House of Commons photo

Crucial Fact

  • Her favourite word was victoria.

Last in Parliament August 2012, as NDP MP for Victoria (B.C.)

Won her last election, in 2011, with 51% of the vote.

Statements in the House

Early Learning and Child Care Act September 25th, 2006

Mr. Speaker, the Conservative claim of providing choice in child care is entirely bogus. There is nothing to show that giving people a small or even a medium amount of money creates or sustains choice. The person that the member was referring to is a very lucky person, but how many people in Victoria have that choice? I would suggest perhaps one in 100,000 across Canada.

A small payment to parents will not create new early learning and child care services, or even allow parents to afford and access the services that their children need. A real plan would have standards and goals, and timelines for building. Building a hospital does not provide the needed services of doctors and nurses or in fact all the workers in the same way that the Conservative plan will not create those early learning opportunities that are so needed to give our children a head start.

As a result of it being taxed back, the allowance will give a wealthy banker's wife more money than the single parent. It is entirely appropriate for parents who can stay at home and wish to do so and be as involved as they can be in the parenting part. Parenting and child support are completely supportive of each other.

Early Learning and Child Care Act September 25th, 2006

Mr. Speaker, I am proud to support the NDP's bill on early learning and child care programs. Canadians have been waiting a long time, 10 years, for the federal government to enact such legislation. I would like to use my time today to present an overview of the issue.

This year, Raffi Cavoukian, the award-winning children's songwriter and recipient of the Order of Canada, gave me a book entitled Child Honouring: How to Turn This World Around, which has inspired me to present this bill. This is not a book that is either particularly for or against child care, but it expresses the extreme vulnerability of children to their environment in the early years. In the Dalai Lama's preface to the book, he states that societies will advance only by putting children front and centre in our policies and our program development.

The debate today is about the policies that are best able to achieve that goal in helping us advance.

Canadian parents desperately need affordable, high quality child care to ensure those key early learning opportunities. Canada's economy and social fabric are best served with a quality early learning system that gets our children off to the best possible start.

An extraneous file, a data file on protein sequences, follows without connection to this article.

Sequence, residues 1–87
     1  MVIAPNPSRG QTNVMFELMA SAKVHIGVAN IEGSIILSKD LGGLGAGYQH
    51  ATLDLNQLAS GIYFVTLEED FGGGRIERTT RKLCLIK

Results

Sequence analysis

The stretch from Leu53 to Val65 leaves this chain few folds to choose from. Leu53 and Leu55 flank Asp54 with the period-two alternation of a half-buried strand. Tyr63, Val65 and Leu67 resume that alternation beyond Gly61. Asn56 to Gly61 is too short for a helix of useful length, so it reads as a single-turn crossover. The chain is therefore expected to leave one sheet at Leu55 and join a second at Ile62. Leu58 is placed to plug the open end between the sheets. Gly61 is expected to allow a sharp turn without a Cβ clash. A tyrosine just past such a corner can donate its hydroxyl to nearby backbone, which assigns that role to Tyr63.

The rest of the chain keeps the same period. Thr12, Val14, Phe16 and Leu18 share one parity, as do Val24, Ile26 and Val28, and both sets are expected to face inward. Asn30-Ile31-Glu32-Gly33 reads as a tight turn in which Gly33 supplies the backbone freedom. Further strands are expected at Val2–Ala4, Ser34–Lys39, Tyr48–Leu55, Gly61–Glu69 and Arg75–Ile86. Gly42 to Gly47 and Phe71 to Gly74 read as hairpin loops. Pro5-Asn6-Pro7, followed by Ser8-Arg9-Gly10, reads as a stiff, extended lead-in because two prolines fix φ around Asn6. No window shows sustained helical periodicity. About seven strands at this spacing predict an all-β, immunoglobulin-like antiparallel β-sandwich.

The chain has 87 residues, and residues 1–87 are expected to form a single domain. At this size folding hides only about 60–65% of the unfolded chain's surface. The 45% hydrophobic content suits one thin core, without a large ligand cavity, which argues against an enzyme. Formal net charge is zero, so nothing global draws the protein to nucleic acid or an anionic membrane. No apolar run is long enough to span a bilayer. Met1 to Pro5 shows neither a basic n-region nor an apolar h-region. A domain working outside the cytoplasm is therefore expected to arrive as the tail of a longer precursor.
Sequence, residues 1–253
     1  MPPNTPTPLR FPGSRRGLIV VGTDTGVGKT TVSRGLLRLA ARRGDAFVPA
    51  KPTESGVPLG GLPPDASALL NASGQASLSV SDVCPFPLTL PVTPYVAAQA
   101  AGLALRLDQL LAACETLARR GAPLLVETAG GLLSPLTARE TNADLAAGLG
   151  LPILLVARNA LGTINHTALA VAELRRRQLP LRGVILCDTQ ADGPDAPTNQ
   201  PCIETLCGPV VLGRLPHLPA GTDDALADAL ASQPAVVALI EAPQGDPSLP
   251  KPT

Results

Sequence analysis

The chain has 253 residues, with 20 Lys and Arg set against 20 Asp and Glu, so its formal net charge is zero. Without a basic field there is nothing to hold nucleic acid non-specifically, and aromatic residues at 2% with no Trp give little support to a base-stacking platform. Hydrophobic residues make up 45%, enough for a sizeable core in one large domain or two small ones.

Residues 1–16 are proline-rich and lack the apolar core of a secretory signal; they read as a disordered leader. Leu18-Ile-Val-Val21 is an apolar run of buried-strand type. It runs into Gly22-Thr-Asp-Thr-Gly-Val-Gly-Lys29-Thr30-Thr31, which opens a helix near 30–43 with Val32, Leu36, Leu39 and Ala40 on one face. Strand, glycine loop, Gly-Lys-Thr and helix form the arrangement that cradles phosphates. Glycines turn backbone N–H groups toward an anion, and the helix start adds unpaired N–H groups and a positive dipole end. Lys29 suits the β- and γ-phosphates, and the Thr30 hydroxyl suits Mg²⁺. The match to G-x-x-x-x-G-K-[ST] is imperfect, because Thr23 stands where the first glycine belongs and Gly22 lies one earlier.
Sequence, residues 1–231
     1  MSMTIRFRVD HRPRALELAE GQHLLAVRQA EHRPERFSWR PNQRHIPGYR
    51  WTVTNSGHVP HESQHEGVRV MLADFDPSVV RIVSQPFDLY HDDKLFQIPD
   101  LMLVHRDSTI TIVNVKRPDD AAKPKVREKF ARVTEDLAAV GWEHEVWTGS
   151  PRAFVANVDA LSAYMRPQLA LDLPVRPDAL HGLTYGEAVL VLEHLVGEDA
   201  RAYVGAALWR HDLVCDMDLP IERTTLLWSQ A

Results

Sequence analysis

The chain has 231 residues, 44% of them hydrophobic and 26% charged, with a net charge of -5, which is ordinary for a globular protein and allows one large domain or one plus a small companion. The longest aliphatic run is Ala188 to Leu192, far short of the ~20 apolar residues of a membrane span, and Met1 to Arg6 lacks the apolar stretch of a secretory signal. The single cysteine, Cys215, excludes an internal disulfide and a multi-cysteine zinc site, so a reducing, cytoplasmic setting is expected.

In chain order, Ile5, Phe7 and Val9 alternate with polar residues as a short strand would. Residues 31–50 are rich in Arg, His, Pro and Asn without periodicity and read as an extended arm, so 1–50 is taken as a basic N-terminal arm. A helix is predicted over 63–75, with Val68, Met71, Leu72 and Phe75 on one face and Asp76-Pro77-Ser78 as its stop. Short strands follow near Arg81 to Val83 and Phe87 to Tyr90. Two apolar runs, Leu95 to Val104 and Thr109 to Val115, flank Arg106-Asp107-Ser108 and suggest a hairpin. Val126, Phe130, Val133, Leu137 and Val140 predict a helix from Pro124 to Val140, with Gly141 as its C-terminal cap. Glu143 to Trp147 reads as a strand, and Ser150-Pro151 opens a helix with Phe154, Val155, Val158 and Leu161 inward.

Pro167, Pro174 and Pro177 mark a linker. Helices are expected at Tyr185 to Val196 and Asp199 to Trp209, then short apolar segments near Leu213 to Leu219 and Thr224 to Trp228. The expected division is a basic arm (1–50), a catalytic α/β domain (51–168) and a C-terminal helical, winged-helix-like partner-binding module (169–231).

Instead, the Conservatives have chosen a child care program that has nothing to do with child care. According to their research, and by their own admission, their plan will have very little impact on parents' child care choices. It is nothing more than a tiny subsidy for daycares, a vote-buying plan that might look good on the surface but that, in reality, fails to create a single daycare space for families who need them.

This empty plan seems to be a clear reflection of the Conservative Party of Canada's narrow vision of a federal government whose only role in social policy is to reduce taxes.

Canadians need a national preschool education and child care program that gives all Canadian children affordable, good-quality opportunities, regardless of the province or territory they live in or their family's income.

The NDP child care act in the bill is actually about child care and early learning. With this bill, we will ensure reliable provincial and territorial transfers for child care spaces, while enshrining in law the principles of accessibility, universality, accountability, inclusiveness, quality and educational development. The early learning and child care act can be a cornerstone of social policy for Canadian families.

I would like first to speak to the need in Canada. Studies have repeatedly found that child care programs in Canada are simply inadequate in comparison to other countries. An OECD study recently put Canada at the bottom. Over the summer, my conversation with hundreds of Canadian parents across Canada painfully confirmed the inadequacy of child care. Hundreds of parents like Cathy Rikley, who has a 15 and a half month old baby, spent months searching for quality day care that had available space that she could afford on her salary. She worried incessantly about leaving her baby in less than ideal situations.

In my riding of Victoria the cost for day care is $800 a month. In one Victoria day care centre, the Cridge Centre, there are 47 babies and 50 on the waiting list. The group day care has 56 spots for three to five year olds and 66 children on the waiting list. Another day care surveyed had over 80 on the waiting list. Some day care workers told me parents register as soon as they know they are expecting a child in the hope of securing a space. That is shameful.